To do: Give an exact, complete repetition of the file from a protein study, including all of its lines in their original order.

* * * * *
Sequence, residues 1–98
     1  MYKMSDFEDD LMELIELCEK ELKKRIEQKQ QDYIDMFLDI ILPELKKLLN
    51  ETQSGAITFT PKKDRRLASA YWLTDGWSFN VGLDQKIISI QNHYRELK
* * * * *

Sequence, residues 1–98
     1  MYKMSDFEDD LMELIELCEK ELKKRIEQKQ QDYIDMFLDI ILPELKKLLN
    51  ETQSGAITFT PKKDRRLASA YWLTDGWSFN VGLDQKIISI QNHYRELK